Mediaeval Waterford has been described by Canon Power: “Waterford, like Dublin, was really, for five centuries, in everything except air, water and the ground on which it stood, an English town domiciled in Ireland. It was confined within a strong and lofty wall with towers at invervals and with stout gates which were guarded by day and closed at night. Sanitation was bad, epidemics and diseases rife, water supply precarious and public lighting practically unknown….” The good Canon’s ancestors spent much of their spare time attacking the city, but it remained almost proverbially attached to the crown, receiving various charters in return and the proud title of “Urbs Intacta”, the city untouched by Irish influence.
In this situation the Dominicans were as English, whether by blood or inclination, as any of the citizens. Yet they were not isolated from their confrères in other parts of the country, since general meetings of the Irish Dominican vicariate were held at Waterford on three occasions: in 1277, 1291 and 1309. Nor were they isolated from the continent, since of their number, Geoffrey of Waterford, spent most of his time in France.
Geoffrey is remembered as a writer, or more strictly as a translator of three Latin texts into the French dialect of 13th-century Picardy. He is portrayed in one of the mosaics in the apse of the present church in Bridge Street. The ordinary work of the community was preaching, but since their church was so small, they must often have preached in other churches or in the open air. Two other Dominican foundations soon appear: in Rosbercon in 1267 and Youghal in 1268.
Waterford was twice destroyed by fire: in 1252 and again in 1280. It was a hazard of city life at the time, since the streets were so narrow and many of the houses roofed with wood or thatch. How the Dominican site was affected by these fires we do not know, except that their church at least appears to have survived. A curious murder-trial was held at Waterford in 1311. The accused, even though from Waterford, considered himself English and pleaded in his own defence that “it was no felony to kill an Irishman and not of free blood.” Unfortunately for him his victim was in fact a Dane. The corporation decreed in 1382 that it was an offence to call another citizen an “Irishman”, the punishment being a fine of one mark to be paid to the victim. Their real objection, naturally enough, was to “Irish enemies” and to such Old English as followed Irish law. In 1345 Waterford was attacked by the Old English family of Poer or Power who “burnt, destroyed and spoiled” almost all the countryside around the city, but at a heavy price: some of them were hanged, drawn and quartered, and their heads and limbs displayed at various vantage points around the city. In 1368 the Powers attacked again, aided by the Irish O’Driscolls of Baltimore, and on this occasion had more success. This old vendetta was carried on in fits and starts until a fleet from Waterford finally crushed O’Driscoll at Inishsherkin in 1538.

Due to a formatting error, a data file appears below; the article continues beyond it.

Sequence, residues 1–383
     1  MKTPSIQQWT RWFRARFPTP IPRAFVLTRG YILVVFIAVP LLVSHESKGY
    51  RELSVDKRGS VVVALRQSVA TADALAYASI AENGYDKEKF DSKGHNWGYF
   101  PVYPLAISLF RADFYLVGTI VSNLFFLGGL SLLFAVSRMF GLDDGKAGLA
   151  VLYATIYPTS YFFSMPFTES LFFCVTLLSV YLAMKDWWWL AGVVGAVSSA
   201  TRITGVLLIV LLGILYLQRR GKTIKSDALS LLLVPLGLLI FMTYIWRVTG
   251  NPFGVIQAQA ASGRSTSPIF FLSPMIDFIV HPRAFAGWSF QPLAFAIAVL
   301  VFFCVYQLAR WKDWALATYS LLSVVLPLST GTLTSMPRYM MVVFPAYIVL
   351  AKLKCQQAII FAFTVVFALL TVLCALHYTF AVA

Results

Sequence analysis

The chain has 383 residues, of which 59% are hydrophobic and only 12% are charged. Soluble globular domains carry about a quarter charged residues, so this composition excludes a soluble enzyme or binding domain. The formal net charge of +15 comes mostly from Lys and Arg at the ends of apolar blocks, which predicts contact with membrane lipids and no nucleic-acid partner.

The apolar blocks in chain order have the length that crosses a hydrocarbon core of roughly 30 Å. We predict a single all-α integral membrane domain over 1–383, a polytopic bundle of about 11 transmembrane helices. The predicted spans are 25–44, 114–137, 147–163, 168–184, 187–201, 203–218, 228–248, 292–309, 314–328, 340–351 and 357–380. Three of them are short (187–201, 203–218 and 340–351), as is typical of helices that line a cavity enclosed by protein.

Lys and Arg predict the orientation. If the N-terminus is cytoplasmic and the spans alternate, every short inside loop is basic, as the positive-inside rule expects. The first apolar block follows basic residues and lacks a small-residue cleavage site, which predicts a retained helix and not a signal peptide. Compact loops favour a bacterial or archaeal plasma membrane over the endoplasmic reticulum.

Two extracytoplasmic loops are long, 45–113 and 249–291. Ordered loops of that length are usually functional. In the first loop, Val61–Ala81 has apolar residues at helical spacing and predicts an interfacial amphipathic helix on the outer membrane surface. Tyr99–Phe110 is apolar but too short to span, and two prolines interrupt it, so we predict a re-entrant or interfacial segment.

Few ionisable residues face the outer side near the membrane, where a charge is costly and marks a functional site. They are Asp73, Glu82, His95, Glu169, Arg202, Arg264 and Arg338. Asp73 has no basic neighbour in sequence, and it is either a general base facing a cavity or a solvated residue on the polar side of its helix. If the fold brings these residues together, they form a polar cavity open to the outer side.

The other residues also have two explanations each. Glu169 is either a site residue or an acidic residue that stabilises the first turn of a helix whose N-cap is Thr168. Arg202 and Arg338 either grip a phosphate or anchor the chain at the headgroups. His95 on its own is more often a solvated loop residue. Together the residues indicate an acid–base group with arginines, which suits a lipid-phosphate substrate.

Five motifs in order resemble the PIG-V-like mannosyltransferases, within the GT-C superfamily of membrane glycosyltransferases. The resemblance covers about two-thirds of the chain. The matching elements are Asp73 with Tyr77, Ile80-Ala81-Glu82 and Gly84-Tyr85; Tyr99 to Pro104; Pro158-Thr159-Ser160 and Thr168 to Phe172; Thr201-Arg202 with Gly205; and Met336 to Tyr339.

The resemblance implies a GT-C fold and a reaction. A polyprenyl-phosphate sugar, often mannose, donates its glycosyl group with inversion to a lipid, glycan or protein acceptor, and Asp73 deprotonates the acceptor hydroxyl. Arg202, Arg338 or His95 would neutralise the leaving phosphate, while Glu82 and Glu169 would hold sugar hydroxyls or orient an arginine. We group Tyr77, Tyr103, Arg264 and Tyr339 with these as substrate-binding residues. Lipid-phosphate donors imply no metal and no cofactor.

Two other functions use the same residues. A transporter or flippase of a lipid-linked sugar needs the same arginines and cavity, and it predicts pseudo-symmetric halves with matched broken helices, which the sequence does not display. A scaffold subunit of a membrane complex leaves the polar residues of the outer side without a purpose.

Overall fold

Apart from fire and war there was also plague, especially the Black Death of 1348 which claimed almost a third of the population of western Europe. Pockets of infection remained for more than a century. From 1348 the English colony in Ireland, largely because of the plague, went into steady decline. The proud city of Waterford became somewhat less “English” then before.
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